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Students burn portrait of King Mswati III as Swazliand’s democracy protests continue

STUDENTS burnt a portrait of Swaziland’s absolutist monarch King Mswati III on Sunday night as pro-democracy demonstrations showed no sign of subsiding.

They gathered at the Luyengo campus of the University of Eswatini — the new name for the landlocked southern African nation — demanding Mswati’s abdication.

A picture of the monarch was set alight to loud cheers as students danced around the fire, singing songs and raising slogans calling for freedom.

“Long live the revolution,” said the Communist Party of Swaziland, which has played a leading role in the protests that have swept the country since last summer.

“Students from Luyengo … burnt the dictator’s picture as they don’t recognise him as a legitimate ruler,” one democracy activist said, adding: “Mswati has blood on his hands and must be arrested.”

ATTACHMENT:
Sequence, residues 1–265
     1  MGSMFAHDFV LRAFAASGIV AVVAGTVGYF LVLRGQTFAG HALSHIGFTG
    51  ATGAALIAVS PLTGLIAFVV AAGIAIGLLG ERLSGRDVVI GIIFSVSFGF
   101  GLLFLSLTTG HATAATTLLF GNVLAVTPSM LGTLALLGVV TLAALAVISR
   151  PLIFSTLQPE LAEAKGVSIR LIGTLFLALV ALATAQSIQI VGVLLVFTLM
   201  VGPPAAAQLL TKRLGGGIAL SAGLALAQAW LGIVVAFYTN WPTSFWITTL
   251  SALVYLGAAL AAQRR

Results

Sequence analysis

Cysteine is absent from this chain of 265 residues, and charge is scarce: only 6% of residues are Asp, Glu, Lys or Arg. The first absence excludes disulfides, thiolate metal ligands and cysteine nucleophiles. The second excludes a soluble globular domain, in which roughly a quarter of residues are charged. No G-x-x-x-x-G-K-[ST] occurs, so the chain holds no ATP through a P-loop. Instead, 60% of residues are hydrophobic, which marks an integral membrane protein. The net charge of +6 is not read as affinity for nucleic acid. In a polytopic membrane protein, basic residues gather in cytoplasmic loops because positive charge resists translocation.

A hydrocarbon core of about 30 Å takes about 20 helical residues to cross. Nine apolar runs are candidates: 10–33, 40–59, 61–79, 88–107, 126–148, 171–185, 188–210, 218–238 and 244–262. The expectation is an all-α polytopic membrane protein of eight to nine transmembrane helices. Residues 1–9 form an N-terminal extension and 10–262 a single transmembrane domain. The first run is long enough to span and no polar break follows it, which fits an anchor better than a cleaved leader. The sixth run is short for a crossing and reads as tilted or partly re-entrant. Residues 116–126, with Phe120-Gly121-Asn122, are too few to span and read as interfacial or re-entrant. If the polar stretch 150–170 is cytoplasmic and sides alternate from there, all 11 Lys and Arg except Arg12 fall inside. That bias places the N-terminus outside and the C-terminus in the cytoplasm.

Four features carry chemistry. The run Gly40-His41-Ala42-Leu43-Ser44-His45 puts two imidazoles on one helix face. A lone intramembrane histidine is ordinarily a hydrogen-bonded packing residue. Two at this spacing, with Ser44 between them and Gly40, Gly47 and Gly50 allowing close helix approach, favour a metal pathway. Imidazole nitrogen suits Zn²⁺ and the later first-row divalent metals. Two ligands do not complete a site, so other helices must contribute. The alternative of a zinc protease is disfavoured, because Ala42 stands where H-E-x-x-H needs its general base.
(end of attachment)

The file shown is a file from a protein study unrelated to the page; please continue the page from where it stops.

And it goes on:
Demonstrations started last July, initially calling for greater democracy and an end to a ban on political parties that has been in place since 1973, when King Sobhuza II suspended the constitution and seized absolute power.

The state responded brutally, with King Mswati III instigating a shoot-to-kill policy in order to crush the protest movement.

More than 100 people have been killed, 500 injured and thousands arrested in a major crackdown by security forces.

But the largely youth-led protests have continued to press demands for Mswati to stand down.

The Communist Party issued a rallying cry for “a revolutionary people’s war” at the beginning of January and has also called for the creation of a people’s militia to overthrow the regime.

Arguing the case for a republic, general secretary Kenneth Kunene said on Saturday: “If we don’t treat the transition and the fight for democracy now as an urgent question, we will be insensitive to these questions.”

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